Chapter 13 bankruptcy filings are available to individual people, with debt, who earn a regular wage. For this reason, Chapter 13 bankruptcies are often called the “wage earner’s” plan. Chapter 13 allows a restructuring of debt in accordance with a feasible plan.
A Chapter 13 debtor must propose a plan that devotes all disposable income to debt repayment over a period of up to five years.
Like Chapter 7 bankruptcy filings, the bankruptcy trustee plays a very large role in the process.
Who May File a Chapter 13 Bankruptcy Petition?
A person who has filed a bankruptcy petition within the past one hundred eighty days, and had that prior petition dismissed for failure to obey a court order is not permitted to file a Chapter 13 permission.
A person who has secured debt exceeding $1,081,400 is not permitted to file a Chapter 13 bankruptcy. A person who has unsecured debt exceeding $360,475 is not permitted to file a Chapter 13 bankruptcy. These amounts will be adjusted every three years on April 1st, however, so be careful to ensure that you have up to date figures if you are analyzing your debts in relation to these amounts. These amounts are contained in the United States Bankruptcy Code at 11 U.S.C. section 109(e).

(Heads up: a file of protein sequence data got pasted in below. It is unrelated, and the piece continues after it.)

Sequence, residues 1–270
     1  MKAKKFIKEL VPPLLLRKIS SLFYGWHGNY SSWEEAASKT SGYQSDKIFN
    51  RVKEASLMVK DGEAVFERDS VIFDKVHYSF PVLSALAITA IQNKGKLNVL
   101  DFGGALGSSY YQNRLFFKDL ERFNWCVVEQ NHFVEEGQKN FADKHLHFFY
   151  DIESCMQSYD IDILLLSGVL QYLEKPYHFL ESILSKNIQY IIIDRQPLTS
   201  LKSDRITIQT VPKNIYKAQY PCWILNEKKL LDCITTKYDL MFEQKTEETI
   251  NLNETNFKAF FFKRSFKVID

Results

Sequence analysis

Like Chapter 7 bankruptcy petitions, a person may not file a Chapter 13 bankruptcy petition unless the person has undergone credit counseling within one hundred eighty days prior to filing.
The Chapter 13 Bankruptcy Trustee
In Chapter 13 bankruptcy, the United States Trustee supervises the private trustees who administer Chapter 13 cases.
In this chapter, the trustee does not liquidate the debtor’s assets, but instead evaluates the debtor’s financial affairs and makes recommendations to the court regarding the debtor’s proposed repayment plan.
Most Chapter 13 cases are administered by “standing trustees” appointed by the United States Trustee to administer all cases filed in a particular geographic area.
As with Chapter 7 panel trustees, the United States Trustee supervises the Chapter 13 standing trustees’ administration of individual bankruptcy estates; monitors the trustees’ financial record-keeping; and imposes other requirements to ensure that the trustees carry out their fiduciary duties. The United States Trustee’s supervisory actions include:
- Periodically reviewing the trustees’ case reports, budget reports, bank account information, management skills, court performance, and similar information.
- Ensuring that trustees are bonded.
- Ensuring that trustees are independently audited.
- Determining trustees’ maximum annual compensation and actual necessary expenses.
- Providing training for trustees.
- Monitoring trust account funds.